I knew I was different when, at 20 years old, I met a girl in a bar and felt my head begin to spin (no, it wasn’t from the alcohol).  I was entranced and I couldn’t shake the feeling of wanting to be friends with her, while also wanting to be the object of her affection.  A battle began to rage internally.  If I hadn’t known any better, I would have sworn that on my right shoulder was a Catholic priest shrieking at me about my sin and the burning fires of hell, and on my left, the Devil incarnate himself, pulling me into this lifestyle by the skin of my teeth.  I chose to leave what I knew behind, follow Lucifer, and pursue these feelings because I knew I wouldn’t find the answers by gawking from afar.  Did this mean I was a * gasp * LESBIAN now?!  Short-lived.  I couldn’t seem to shake the cross of my Catholic upbringing or my internalized homophobia, and I allowed myself to be persuaded by a fabrication to leave her (and this lapse in judgement) behind.  The harsh reality of it was that a woman I had considered a close friend had sabotaged my budding relationship.  I was upset, and yet, relieved.  I struggled so intensely with whether I was right or wrong for feeling the way I did.  It became apparent to me just how wrong it must have been when others chose to resign their friendship cards because don’t people know that if a girl has feelings for another girl this means she likes EVERY. SINGLE. GIRL in the entire world?! Or that being friends with someone who is attracted to the same sex might facilitate “the transfer of [their] gayness” to others (Scudera)?!  I marched myself back into the closet and shut the door behind me.

I knew I was cognizant when, at 26 years old, I was introduced to Callie Torres in Grey’s Anatomy and for the first time I saw myself in the image of another.  It was the “A-HA!” moment I had been waiting for.   Here was this strong, accomplished, soft yet bold character who had found herself and proudly professed her love for not just men, but also women.  Sitting there, mouth agape and dumbfounded to have stumbled upon this openly bisexual character in the mainstream media, I thought back to all of the nights I’d spent screaming into the sky trying to rid myself of these feelings, and I found myself asking, “but why would you want to?” That familiar electrified galloping in my chest returned.  No, you cannot “pray away the gay” (Grey’s Anatomy), no matter how hard you try – and believe me, I’ve tried.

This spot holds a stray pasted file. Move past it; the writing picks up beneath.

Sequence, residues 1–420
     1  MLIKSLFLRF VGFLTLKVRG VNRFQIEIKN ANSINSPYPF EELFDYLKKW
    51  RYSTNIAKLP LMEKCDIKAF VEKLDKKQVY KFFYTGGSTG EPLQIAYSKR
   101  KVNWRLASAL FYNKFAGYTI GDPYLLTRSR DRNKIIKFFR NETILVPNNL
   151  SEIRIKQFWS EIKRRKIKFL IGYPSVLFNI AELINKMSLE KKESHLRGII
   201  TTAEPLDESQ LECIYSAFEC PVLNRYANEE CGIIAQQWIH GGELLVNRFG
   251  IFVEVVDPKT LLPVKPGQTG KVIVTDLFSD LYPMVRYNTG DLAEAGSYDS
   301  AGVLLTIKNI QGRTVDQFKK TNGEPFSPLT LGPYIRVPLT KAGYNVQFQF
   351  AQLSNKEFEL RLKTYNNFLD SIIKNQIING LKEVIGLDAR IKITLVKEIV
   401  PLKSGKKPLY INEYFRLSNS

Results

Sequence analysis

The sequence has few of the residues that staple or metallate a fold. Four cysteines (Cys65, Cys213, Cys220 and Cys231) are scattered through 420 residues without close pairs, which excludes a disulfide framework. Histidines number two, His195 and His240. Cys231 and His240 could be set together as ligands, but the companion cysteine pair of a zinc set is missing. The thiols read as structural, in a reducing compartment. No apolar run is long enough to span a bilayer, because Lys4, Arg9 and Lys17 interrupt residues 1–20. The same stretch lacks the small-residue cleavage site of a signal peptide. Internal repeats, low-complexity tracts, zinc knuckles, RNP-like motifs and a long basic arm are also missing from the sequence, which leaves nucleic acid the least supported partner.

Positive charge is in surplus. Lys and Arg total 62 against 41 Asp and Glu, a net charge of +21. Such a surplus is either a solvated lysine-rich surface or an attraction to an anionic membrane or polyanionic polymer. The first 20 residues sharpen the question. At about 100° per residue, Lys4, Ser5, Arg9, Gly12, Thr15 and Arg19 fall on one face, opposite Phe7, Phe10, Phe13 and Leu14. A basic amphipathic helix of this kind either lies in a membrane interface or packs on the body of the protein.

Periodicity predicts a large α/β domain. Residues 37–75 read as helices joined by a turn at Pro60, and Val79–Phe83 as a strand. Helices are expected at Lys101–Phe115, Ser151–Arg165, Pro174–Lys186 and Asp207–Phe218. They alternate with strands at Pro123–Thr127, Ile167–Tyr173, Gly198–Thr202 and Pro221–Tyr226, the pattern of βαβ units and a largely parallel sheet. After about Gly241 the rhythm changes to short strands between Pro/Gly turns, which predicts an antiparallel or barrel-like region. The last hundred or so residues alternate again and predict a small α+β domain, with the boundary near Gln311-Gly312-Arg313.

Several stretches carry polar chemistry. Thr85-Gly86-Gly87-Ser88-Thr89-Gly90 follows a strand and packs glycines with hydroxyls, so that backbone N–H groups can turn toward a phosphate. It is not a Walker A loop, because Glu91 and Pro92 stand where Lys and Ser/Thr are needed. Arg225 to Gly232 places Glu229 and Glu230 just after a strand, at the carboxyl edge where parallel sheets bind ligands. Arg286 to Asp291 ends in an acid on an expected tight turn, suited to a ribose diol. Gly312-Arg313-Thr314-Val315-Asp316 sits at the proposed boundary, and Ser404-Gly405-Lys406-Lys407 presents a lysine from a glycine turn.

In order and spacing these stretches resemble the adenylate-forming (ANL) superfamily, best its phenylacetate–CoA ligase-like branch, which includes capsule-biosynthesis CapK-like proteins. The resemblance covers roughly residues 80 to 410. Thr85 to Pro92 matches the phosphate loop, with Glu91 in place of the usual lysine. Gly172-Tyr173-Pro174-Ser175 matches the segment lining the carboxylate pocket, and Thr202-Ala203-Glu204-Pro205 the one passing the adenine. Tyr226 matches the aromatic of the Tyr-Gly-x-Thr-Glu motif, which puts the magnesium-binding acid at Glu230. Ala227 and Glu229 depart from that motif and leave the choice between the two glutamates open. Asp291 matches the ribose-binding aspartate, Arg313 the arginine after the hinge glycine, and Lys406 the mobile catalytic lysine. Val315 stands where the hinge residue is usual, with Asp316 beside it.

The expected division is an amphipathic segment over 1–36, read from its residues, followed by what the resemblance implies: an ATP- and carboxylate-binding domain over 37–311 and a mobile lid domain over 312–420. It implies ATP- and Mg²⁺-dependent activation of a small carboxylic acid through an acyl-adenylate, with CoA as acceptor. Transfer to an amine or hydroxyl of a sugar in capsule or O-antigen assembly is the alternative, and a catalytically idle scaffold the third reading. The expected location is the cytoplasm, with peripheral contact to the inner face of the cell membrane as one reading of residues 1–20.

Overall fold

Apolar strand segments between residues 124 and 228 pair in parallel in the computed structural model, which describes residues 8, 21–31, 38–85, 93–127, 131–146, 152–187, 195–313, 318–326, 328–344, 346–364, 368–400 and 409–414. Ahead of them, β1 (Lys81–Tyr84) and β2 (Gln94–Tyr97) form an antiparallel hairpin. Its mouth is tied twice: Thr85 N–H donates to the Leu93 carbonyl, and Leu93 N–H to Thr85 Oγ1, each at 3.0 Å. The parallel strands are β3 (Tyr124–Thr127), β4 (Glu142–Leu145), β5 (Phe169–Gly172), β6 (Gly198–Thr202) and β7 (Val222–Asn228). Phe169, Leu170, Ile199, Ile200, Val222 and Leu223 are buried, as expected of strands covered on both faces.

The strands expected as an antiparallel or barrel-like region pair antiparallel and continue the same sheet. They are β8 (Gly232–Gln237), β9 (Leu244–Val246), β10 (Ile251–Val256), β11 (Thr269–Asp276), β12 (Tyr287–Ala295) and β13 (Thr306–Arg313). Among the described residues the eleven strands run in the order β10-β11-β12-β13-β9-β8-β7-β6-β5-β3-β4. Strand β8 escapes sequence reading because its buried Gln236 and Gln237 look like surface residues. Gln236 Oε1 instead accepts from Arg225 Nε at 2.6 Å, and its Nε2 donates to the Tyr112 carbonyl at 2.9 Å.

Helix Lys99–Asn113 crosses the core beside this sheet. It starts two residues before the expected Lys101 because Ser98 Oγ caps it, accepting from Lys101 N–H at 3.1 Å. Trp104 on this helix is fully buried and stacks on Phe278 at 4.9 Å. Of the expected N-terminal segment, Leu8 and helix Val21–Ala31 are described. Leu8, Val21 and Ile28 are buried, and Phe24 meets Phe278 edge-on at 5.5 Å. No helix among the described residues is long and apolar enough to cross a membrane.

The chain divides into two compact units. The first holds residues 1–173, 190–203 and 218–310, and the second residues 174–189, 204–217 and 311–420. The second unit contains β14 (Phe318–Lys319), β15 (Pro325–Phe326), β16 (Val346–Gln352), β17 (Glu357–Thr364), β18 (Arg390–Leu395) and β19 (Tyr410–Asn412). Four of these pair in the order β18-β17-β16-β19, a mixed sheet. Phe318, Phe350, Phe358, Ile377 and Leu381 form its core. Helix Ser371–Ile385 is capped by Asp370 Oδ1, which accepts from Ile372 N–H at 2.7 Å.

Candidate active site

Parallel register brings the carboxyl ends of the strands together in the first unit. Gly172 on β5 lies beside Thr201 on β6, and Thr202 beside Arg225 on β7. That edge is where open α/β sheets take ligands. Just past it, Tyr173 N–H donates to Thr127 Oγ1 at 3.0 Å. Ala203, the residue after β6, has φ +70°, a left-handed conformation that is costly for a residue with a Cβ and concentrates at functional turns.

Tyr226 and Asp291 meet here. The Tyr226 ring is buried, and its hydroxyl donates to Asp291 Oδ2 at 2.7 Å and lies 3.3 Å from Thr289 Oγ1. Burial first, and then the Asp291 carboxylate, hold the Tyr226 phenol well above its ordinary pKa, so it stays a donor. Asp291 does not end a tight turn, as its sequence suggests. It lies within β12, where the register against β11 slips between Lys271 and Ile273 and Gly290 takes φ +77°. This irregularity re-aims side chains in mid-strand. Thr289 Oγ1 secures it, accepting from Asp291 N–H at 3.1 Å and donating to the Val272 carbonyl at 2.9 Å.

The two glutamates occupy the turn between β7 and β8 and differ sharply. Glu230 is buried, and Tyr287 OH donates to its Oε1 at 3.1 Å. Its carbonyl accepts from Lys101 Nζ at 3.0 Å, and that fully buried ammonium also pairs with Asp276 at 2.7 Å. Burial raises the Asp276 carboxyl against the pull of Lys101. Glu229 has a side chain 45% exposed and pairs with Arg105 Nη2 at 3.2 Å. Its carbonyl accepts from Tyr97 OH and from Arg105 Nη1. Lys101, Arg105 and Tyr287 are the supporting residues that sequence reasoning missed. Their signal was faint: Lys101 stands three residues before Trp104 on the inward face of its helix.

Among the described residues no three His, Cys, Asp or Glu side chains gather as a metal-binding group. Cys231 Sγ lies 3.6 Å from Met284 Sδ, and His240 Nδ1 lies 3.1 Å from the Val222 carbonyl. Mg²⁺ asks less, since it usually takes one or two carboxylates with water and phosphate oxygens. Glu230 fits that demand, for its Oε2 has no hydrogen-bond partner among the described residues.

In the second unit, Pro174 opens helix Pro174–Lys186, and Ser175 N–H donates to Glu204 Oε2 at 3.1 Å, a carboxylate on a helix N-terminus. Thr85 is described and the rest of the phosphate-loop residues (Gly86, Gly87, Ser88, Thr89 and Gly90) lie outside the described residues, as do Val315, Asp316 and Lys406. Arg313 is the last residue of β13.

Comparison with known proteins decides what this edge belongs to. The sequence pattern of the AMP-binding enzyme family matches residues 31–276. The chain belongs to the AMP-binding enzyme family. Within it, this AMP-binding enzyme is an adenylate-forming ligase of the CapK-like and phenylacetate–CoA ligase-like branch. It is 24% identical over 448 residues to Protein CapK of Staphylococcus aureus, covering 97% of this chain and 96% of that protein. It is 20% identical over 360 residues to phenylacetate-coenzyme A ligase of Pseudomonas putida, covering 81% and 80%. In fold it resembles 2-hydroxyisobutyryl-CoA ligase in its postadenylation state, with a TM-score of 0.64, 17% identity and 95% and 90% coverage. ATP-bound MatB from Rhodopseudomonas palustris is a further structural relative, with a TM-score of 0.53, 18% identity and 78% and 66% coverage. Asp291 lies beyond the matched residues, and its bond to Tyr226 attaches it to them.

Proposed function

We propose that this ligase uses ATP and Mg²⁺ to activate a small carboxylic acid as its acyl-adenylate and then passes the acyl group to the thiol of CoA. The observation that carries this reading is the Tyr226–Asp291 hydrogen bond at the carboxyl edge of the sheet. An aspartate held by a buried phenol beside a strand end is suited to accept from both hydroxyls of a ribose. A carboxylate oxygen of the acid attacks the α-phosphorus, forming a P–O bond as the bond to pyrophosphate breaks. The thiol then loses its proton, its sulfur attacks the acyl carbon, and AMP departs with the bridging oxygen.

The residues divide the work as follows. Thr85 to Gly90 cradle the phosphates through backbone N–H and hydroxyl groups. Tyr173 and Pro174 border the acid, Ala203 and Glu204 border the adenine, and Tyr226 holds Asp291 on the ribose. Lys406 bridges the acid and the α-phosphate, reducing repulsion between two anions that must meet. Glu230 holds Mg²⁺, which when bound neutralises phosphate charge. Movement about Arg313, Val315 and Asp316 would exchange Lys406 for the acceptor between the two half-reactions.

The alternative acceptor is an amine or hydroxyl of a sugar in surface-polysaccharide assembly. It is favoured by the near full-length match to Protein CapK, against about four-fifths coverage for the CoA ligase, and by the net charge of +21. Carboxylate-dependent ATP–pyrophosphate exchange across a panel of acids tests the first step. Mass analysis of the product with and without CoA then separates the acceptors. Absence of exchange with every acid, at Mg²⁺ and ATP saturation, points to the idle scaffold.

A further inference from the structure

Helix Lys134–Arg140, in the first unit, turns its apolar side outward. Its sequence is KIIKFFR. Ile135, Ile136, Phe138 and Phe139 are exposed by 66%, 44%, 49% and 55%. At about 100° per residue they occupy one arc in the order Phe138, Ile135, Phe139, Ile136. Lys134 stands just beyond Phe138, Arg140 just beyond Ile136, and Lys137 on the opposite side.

I knew I was transforming when, at 28 years old, I’d wanted so badly to announce my solidified bisexuality to my very Conservative, very Catholic family as we watched Ireland legalize the abomination that is gay marriage.  I wanted to turn their angry red faces into faces red with embarrassment as I shouted, “HELLO!  AM I SUCH AN UNNATURAL ABOMINATION? I AM BISEXUAL YOU KNOW. I’VE KISSED GIRLS!!!”.  Instead, I sat there mute with my own cheeks flushing from frustration.  I began to plot all of the ways that I was going to support others like myself, and how I could use my voice to spread love and tolerance in the face of hatred and ignorance such as this. HA! THAT’LL SHOW ‘EM!

I knew I’d found peace when, at 29 years old, I opened the closet doors and stepped out into the world as my full, authentic self.  I’d reconciled that this isn’t something I can change, nor would I wish to.  I’ve been bullied.  I’ve been made a mockery of.  I’ve been invalidated.  I’ve been excluded and judged and abandoned, solely based on who my heart has chosen to love in this life.  I realized that the only permission and validation I’d needed all along was from myself.  I forgave myself for carrying such hatred and disgust towards my heart, my mind, and my soul.  No, my sexuality was never a conscious choice I made; it has been a part of who I am for as long as I can remember.  The only choice I’ve made has been allowing myself to be seen.  In doing so, my thorns have softened and I have learned deeper compassion and understanding.  I have been gifted with patience and empathy towards others and myself.  I have increased the love I choose to put out into the Universe, and in turn, the love I receive.  Because of this, I can confidently say that if I was ever given the choice to press rewind and start fresh – I would choose to live it all over again.